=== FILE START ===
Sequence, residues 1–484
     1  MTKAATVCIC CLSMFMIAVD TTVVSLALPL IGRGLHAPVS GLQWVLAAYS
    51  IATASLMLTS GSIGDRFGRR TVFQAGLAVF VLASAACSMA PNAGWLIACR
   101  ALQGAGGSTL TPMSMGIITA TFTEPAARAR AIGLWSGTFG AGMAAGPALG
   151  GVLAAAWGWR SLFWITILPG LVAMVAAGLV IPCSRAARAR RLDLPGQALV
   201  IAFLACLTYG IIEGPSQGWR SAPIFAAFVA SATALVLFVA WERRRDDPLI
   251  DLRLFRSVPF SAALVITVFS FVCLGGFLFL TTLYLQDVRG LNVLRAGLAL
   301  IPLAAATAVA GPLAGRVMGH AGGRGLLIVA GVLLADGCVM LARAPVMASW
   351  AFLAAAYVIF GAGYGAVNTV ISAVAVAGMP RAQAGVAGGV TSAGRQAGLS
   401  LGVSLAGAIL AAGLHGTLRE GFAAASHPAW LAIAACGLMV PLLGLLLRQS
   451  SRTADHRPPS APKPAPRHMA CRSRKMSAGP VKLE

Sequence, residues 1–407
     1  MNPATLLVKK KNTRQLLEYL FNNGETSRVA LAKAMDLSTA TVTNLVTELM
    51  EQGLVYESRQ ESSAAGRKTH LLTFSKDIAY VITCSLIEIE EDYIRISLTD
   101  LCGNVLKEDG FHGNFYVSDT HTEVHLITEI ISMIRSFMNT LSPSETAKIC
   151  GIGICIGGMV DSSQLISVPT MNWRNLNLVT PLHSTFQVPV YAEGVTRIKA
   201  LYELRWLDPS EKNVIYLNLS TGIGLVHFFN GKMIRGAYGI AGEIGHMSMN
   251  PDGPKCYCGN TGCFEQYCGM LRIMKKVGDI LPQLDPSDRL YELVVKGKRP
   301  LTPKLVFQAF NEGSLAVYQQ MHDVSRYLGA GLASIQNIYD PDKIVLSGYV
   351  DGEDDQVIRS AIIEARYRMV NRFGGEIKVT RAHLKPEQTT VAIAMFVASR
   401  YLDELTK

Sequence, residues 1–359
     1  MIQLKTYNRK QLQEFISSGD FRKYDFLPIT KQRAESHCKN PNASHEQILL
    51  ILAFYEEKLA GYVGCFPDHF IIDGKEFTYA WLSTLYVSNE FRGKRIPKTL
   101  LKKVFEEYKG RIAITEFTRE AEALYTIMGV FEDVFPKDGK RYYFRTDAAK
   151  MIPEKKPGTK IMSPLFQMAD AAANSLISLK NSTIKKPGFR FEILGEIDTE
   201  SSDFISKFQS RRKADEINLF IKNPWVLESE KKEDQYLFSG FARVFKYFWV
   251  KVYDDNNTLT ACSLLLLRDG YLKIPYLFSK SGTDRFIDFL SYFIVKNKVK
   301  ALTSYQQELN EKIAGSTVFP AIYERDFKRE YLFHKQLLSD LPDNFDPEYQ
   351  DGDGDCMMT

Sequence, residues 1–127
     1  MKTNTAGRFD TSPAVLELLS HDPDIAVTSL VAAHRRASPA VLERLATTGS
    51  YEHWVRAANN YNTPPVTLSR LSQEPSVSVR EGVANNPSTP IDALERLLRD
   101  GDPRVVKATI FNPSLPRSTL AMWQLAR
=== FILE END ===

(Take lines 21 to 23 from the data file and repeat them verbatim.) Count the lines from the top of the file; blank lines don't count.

   401  YLDELTK

Sequence, residues 1–359
     1  MIQLKTYNRK QLQEFISSGD FRKYDFLPIT KQRAESHCKN PNASHEQILL